Gene Steratore


Digital Freedom


Digital Freedom

Why America is Losing It

America has been losing its digital independence consistently since 2001. Whether it is the legislation of the Patriot Act or the FCC’s recent repeal of Net Neutrality protections, America is stripping it’s people of what they hold dearest. Their freedom.

Massive Loss of Life - And Privacy

September 11, 2001 is a day that everyone in America remembers. The country was attacked, our system’s loopholes were abused and thousands lost their lives. It was a turning point for the country, as the U.S. began war in the Middle East. Amidst all of this chaos, America also began to lose it’s digital privacy when the Patriot Act was passed on October 26, 2001.

What is the Patriot Act?

The Patriot Act enabled the United States government to actively monitor its own people; whether it be through bank records, phone and email communications, and many other innocent activities that everyday Americans perform on a daily basis.

  • Information obtained on innocent people is not destroyed
    • It is important for everyone to understand that any information obtained citing the Patriot Act, is not obligated to be deleted (regardless of the innocence of the individual).
  • This is not thwarting terrorism
    • In the immediate years following 2001, there were over 143,000 NSLs (National Security Letters) issued. According to the ACLU, an NSL is: “ a letter issued by FBI agents, without a judge’s approval, to obtain personal information” . Of these requests, only 53 were criminal referrals, and 0 were terrorism-related.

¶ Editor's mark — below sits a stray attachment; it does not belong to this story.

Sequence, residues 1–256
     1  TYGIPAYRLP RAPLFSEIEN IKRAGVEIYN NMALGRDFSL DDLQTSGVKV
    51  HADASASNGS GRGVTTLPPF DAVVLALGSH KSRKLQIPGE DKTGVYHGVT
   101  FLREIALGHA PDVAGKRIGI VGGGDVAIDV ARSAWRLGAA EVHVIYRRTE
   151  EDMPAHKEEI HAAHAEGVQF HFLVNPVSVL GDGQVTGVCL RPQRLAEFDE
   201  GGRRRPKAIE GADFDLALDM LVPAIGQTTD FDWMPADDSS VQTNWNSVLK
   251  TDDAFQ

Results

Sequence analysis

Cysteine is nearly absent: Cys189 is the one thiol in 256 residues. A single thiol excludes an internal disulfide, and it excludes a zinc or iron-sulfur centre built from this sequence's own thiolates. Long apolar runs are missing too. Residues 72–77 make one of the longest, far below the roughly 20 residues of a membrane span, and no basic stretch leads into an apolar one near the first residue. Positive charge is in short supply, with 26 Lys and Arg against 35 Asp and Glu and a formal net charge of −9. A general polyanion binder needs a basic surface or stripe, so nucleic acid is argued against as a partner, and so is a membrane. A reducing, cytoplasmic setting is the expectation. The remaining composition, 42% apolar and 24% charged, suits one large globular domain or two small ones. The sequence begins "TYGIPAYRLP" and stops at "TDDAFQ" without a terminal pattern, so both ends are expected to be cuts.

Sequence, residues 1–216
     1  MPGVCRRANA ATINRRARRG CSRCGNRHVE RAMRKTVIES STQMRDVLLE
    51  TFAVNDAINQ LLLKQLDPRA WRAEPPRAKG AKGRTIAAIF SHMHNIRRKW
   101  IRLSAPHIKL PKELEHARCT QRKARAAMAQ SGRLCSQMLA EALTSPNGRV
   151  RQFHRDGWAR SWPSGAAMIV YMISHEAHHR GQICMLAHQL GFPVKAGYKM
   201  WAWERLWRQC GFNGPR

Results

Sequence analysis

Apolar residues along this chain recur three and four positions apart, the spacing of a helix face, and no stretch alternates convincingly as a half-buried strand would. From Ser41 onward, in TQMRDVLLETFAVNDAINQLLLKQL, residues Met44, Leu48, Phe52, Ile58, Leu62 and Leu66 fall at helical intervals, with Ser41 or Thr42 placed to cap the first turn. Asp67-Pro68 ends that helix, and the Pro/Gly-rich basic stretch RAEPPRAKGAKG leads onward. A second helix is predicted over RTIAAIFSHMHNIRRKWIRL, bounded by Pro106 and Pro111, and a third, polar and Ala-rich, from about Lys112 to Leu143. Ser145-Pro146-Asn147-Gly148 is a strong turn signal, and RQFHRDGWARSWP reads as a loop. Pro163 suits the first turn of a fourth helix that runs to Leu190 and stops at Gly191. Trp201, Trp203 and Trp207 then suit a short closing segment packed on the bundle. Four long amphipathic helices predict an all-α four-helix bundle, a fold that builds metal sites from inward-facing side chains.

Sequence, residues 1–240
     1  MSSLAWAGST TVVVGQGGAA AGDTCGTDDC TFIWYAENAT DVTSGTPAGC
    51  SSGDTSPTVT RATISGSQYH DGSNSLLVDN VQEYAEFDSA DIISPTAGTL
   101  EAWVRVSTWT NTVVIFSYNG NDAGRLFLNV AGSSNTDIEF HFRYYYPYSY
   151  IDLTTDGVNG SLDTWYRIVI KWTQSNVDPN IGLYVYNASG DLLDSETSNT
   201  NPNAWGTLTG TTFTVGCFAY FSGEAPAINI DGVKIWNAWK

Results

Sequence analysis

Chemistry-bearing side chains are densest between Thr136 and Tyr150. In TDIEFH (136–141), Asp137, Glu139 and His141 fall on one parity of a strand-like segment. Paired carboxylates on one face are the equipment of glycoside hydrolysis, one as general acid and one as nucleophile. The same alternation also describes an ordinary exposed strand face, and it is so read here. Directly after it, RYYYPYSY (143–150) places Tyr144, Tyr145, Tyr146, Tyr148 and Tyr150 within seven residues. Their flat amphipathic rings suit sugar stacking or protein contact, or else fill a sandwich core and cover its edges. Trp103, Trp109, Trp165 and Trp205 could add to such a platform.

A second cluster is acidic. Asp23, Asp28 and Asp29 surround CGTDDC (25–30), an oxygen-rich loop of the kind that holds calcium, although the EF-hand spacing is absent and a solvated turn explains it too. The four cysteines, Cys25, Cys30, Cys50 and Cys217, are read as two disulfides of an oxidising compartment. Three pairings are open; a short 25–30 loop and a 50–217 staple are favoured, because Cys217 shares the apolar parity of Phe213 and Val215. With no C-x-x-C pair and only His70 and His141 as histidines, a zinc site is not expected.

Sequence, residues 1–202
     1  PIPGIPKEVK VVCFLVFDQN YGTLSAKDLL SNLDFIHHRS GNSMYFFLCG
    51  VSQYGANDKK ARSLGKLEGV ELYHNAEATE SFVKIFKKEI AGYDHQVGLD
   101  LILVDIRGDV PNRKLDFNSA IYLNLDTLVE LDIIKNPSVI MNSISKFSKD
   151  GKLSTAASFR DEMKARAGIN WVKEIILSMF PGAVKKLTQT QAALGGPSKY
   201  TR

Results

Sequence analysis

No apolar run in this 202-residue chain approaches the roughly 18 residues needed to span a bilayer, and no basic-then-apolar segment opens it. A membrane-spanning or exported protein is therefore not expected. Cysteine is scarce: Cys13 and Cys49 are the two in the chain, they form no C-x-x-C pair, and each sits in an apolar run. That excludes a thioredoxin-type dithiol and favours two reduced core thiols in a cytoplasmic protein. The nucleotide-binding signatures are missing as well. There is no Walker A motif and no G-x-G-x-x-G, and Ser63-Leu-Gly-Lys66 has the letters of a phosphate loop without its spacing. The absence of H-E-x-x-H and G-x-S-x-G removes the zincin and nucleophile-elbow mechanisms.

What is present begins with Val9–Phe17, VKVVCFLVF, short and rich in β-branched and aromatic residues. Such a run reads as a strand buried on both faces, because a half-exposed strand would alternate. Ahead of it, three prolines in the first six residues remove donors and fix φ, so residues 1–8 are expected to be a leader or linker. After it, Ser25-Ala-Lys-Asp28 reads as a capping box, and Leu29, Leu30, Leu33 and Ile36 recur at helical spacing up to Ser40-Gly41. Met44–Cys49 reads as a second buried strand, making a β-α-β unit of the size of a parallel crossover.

Net Neutrality

Another contributing factor to the decline in the digital independence of America, was the 2017 repeal of Net Neutrality protections that were put in place in 2015. These protections declared the internet as open and free, and now are no longer in place.

“Net Neutrality is the internet’s guiding principle: It preserves our right to communicate freely online. Net Neutrality means an internet that enables and protects free speech. It means that ISPs should provide us with open networks — and shouldn’t block or discriminate against any applications or content that ride over those networks. Just as your phone company shouldn’t decide who you call and what you say on that call, your ISP shouldn’t interfere with the content you view or post online.” 


What Happens Now?

  • Slower Competitive Content
    • For example, pretend you have cut the cord with cable and subscribe to a streaming service (Hulu, YouTube TV, etc.). You still need an internet subscription to use these services, so let’s say that you have Verizon FiOS. Verizon offers a television package and surely wants its customers to use all of the available services (think about how cable companies package a telephone line and it costs less ). Verizon could simply throttle your connection to your streaming service or charge you extra fees to prevent throttling. This is now legal because of this repeal.
  • Less Social Activism
    • With a free and open internet, activists are able to recruit and plan events to promote ideas such as equal wages for women, equal treatment of all ethnicities and promoting the right to love who you wish. ISPs will now have the ability to block messages they disagree with, suffering no repercussion.


In conclusion, America is in a bind when it comes to protecting its people and their digital freedom. The Patriot Act was passed in a time of crisis, but the privacy price that the population is paying does not seem to be solving the problem that preceded its inception. When you consider the FCC’s gutting of Net Neutrality protections, despite an 83% disapproval of the motion, it really does make one question the purpose behind these actions. Why is America becoming less free and why are commissions that are supposed to protect our freedom, supporting repeals that drastically reduce it?

Gene Steratore